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Opposites Attract: The Arts and Peacebuilding


Peace processes aren’t working. More than half of peace agreements fail within five years and recurrent civil wars are still the dominant form of armed conflict in the world today (PRIO, 2016). John Paul Lederach (2005), who has worked in international reconciliation across 30 years and five continents, blames some o...

Written by Sophia Turner and published on 15-November-2017



Aung San Suu Kyi: A Lesson in the Delusion of Hero Worship


The ongoing genocide against the Rohingya in Myanmar –which has driven some 480,000 people from their homes in the last month – has been widely covered in the global press. Many commentators desperately urged de facto leader Aung San Suu Kyi, one of the world’s most celebrated Nobel Peace Laureates, to speak out against the atrocities. Breaking her silence in

Written by Sophia Turner and published on 02-October-2017




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Written by and published on 02-October-2017



Gender Transitional Justice: Turning the Weapon of War into a Mechanism for Justice


A ‘weapon of war’, a ‘tool of terror’ or one of the ‘spoils of war’. These slogan phrases are symptomatic of rape and sexual violence being held at a level of insignificance throughout history. It wouldn’t be naïve to be lulled into a false sense of security that the international community would have learnt from its past mistakes, thus put in every possible provision to prevent sexual violence of such magnitude. Unfortunately today, this is simply not the cas...

Written by Olivia Doherty and published on 03-August-2017



Human Rights and Humans wronged: Extrajudicial killing in Kenya


A spate of enforced disappearances and extrajudicial killings in Kenya has been the subject of public debate and scrutiny in recent times. These abuses have been committed by state security agents and seemingly unaccountable officers in the wider context of crackdowns on criminal gangs and counter-terror operations. Most recently,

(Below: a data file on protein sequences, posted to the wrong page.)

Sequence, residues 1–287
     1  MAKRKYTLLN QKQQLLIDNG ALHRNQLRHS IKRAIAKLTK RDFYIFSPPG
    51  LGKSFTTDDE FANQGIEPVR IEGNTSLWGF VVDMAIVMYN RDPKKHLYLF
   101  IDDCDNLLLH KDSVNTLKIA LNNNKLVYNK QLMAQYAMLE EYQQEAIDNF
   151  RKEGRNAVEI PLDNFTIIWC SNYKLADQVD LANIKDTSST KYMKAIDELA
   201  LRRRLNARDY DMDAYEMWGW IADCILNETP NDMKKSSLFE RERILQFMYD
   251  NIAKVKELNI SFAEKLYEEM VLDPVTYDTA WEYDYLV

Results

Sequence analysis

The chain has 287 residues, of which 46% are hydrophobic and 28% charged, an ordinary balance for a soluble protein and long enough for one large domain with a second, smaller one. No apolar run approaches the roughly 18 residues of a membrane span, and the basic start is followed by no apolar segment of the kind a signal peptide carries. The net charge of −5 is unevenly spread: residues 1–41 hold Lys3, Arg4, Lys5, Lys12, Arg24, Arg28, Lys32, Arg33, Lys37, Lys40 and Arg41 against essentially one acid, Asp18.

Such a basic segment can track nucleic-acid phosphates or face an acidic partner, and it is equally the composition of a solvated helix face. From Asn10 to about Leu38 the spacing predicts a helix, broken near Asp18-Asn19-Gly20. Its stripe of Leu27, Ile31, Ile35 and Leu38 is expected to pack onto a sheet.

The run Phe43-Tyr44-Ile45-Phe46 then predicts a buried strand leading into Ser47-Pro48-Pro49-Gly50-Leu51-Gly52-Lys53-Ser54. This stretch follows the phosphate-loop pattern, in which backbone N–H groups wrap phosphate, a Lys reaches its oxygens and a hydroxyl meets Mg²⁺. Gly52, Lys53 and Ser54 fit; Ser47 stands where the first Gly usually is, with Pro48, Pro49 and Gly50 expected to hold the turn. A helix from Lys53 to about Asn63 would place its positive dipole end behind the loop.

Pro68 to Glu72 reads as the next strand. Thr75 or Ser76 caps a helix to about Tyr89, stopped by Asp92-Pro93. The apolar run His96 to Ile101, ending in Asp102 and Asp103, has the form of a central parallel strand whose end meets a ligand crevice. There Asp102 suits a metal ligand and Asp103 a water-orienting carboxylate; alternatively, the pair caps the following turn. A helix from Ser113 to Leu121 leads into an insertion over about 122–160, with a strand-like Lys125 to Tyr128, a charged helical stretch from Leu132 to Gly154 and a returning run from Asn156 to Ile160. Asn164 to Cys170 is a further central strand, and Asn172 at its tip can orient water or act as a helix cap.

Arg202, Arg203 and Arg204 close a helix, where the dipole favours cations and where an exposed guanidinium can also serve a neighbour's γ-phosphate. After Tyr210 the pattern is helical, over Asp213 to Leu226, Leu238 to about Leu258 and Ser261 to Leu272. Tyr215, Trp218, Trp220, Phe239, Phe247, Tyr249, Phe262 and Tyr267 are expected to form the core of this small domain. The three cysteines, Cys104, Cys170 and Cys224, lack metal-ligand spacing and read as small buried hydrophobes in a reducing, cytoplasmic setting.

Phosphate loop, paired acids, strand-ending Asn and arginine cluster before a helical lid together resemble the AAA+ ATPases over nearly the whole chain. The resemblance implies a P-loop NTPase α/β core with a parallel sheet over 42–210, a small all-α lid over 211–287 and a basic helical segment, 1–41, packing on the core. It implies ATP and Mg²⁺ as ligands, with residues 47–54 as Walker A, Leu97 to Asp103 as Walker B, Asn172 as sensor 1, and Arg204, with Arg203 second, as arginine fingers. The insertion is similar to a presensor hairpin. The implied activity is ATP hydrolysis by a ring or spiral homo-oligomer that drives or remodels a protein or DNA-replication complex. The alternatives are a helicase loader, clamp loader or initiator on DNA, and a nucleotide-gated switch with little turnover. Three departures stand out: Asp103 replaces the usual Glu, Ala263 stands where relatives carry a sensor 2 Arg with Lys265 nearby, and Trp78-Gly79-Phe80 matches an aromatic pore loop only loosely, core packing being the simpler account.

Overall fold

Written by Ndunge Wayua and published on 10-July-2017



Naïve Realism: The Psychology of Conflict


“Muslim or Hindu?”, asked my driver, Aamaal, just moments into our undulating 5-hour journey through the Himalayan foothills from Dharamsala to Amritsar. So close to the conflict-ridden Kashmir, a region symbolizing the religious and national tensions between India and Pakistan, it seemed an important, if not routine question. Noting the crescent-shaped moon flag wedged between the back passenger seats, I misleadingly explained, in broken Hindi, that I come from a Muslim family. It was c...

Written by Tej Parikh and published on 20-June-2017



Women and Health Care Services in Yemen: Gender Issues in a Country Tormented by War


What's happening in Yemen? The Yemeni Civil War began on 26 March 2015 between the internationally recognised government of President Abdarabo Mansor Hady, supported by the Joint Meeting Parties, and those allied to the Houlthi rebel movement that accused the government of corruption and of planning to marginalise their heartland within a proposed federal system. This conflict started after the failure of the constitutional reform and the attempt to restructure the military secto...

Written by Ali Habeeb and published on 05-June-2017



Mohtaat Atiyaat - Promoting Safer Charity Practices


Pakistani households are generous to the tunes of billions, yet nearly a third are still poor Pakistan has a strong culture of giving. According to the study on the State of Individual Philanthropy in Pakistan "nearly 98 percent of households reporting giving for various social causes in one form or the other (cash, in-kind, or time volunteer...

Written by Fatima Jaffery and published on 05-May-2017



What happened to Libya?


Rarely a day goes by without news from Syria or Iraq, on attacks, the continuous fighting and ongoing humanitarian crisis. It is undoubtedly the focus of international attention, even though other countries such as Libya and Yemen also experience persistent armed conflict, insecurity and enormous humanitarian challenges. A few years back, the situation in Libya was actively reported on in the western mainstream media. However, the last big public discussions seemed to be limited to former pres...

Written by Marie-Luise Schwarzenberg and published on 19-April-2017



Special 8th March blog post series: The Heroine of Liberia’s Fight for Gender Justice: Ellen Johnson Sirleaf


As eleven years of peaceful leadership comes to a close, the world reflects back on what Ellen Johnson Sirleaf has achieved for women’s rights and gender justice in Liberia. As the very first female head of state in post-independent Africa, President Sirleaf stood as a beacon of hope for w...

Written by Olivia Doherty and published on 05-April-2017



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